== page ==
Results and Discussion

GC-MS Results of Bio-Active Constituents of P. Officinalis Roots Extract

The results of GC-MS analysis showed the identification of 17 phytochemical constituents of P. officinalis roots ethanolic extract. The highest percent constituent was octacosane (26.24 %). Retinol, acetate, and nonacosane with percentages of 11.22 and 11.18, respectively. Tricin methyl ether, casticin, and (-)-catechin gallate with percentages of 7.52, 6.47, and 6.38, respectively. In addition to detected other constituents, including 5,7-dimethoxy-4-methyl coumarin (4.86%), hexa-hydro-farnesol (4.42%), geranyl isovalerate (3.63%), α -bisabolol (3.22%), scutellarein tetramethyl ether (2.56%), Z, E-farnesol (2.47%), (S)-(-)-citronellic acid (2.46), and isobornyl acetate (2.3%). All detected constituents by GC-MS are presented in Figure 1 and

Table 1.



Figure 1. Chromatogram of bio-active constituents of P. officinalis roots extract using GC-MS.

Table 1. P. officinalis roots extract active constituents using GC-MS.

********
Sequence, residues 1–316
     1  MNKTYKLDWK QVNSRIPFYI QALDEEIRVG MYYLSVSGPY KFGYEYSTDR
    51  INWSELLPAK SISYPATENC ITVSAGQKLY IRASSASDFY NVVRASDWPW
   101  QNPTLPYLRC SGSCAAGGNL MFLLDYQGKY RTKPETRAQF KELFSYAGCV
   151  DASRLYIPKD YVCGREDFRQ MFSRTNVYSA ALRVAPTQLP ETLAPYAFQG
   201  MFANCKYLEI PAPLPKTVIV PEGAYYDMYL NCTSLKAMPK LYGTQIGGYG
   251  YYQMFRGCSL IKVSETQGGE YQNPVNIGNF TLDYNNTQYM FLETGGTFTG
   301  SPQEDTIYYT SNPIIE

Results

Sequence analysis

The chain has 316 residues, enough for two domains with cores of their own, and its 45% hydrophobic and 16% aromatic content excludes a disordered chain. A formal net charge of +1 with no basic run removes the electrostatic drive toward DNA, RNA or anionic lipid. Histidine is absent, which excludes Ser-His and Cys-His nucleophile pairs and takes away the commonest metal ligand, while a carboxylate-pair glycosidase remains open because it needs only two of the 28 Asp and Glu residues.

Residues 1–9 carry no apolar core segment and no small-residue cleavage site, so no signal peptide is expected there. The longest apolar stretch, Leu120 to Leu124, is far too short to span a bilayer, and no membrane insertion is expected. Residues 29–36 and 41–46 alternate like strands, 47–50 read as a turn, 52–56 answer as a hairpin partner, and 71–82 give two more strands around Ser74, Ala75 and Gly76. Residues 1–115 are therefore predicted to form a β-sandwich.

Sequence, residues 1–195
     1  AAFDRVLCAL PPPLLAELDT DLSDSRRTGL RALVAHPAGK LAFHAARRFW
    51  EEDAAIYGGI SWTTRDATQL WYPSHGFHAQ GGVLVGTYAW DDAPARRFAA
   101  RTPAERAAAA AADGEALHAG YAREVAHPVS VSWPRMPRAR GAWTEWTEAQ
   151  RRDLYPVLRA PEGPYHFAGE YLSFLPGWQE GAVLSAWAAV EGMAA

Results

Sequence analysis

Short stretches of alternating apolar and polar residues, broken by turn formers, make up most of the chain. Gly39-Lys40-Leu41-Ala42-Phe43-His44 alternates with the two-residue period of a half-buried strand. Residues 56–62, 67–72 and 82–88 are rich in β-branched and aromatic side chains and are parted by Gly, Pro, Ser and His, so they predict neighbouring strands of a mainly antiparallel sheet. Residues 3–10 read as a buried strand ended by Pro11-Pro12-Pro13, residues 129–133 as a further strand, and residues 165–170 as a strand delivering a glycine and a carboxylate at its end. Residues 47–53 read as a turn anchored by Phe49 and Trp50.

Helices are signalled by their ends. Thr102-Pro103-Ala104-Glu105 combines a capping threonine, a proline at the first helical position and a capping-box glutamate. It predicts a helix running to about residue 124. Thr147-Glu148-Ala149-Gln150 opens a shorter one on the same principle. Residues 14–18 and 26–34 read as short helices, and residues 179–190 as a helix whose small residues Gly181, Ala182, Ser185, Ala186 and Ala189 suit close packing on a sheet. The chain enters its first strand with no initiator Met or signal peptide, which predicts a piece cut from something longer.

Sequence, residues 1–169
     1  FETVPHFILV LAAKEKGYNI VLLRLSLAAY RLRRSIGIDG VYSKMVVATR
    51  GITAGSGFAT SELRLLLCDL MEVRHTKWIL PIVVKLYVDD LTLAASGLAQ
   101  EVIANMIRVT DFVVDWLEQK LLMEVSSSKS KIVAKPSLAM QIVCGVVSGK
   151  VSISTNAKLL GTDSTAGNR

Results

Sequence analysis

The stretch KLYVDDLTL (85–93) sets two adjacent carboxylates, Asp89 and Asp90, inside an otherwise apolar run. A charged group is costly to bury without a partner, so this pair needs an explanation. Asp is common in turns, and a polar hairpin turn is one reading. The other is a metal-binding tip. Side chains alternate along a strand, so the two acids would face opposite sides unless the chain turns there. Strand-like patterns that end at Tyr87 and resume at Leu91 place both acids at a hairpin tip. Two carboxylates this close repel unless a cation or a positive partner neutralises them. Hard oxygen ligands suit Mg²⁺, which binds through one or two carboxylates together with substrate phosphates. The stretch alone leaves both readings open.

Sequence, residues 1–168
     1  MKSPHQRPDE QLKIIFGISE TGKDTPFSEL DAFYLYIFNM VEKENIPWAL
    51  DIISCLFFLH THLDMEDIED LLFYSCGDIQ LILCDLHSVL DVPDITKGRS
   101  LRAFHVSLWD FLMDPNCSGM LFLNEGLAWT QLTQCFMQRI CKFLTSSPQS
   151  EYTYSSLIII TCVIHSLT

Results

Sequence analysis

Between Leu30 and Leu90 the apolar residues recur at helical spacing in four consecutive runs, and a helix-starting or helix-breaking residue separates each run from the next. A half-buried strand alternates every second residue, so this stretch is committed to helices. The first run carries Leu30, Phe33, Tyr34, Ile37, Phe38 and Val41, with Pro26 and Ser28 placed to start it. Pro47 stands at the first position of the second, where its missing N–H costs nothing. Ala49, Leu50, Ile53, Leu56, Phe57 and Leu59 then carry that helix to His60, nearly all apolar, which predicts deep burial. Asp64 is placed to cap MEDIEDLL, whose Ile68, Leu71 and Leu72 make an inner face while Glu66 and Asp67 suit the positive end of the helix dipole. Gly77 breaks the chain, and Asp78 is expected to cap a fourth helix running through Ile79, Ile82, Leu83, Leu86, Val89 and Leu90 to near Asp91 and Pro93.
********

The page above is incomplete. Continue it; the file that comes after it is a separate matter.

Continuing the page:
Active constituents

Retention time (R.T.) (min)

Concentration (%)

Isobornyl acetate



Tricin methyl ether



5,7-Dimethoxy-4-methyl coumarin



(-)-Catechin gallate



Scutellarein tetramethyl ether






Retinol acetate



(S)-(-)-Citronellic acid









Geranyl isovalerate



Z, E-Farnesol















3',4',7-Trimethyl quercetin



Non-detected constituents




Impact of P. Officinalis Roots Extract on MTX-Induced Renal Function Alterations


Intoxication with MTX induced significant renal function impairment as evidenced by significant (p ≤ 0.001) elevation in serum creatinine and urea levels relative to the control rats. On the other hand, ingestion of P. officinalis roots extract (200 mg/kg) ameliorated renal function, as evidenced by the significant reduction in serum creatinine and urea levels relative to the MTX group (p 0.001). Notably, the P. officinalis + MTX showed significant increases in serum renal function creatinine and urea levels relative to the control rats. However, oral ingestion of P. officinalis roots extract (200 mg/kg) alone did not reveal any significant change relative to the control rats (Table 2).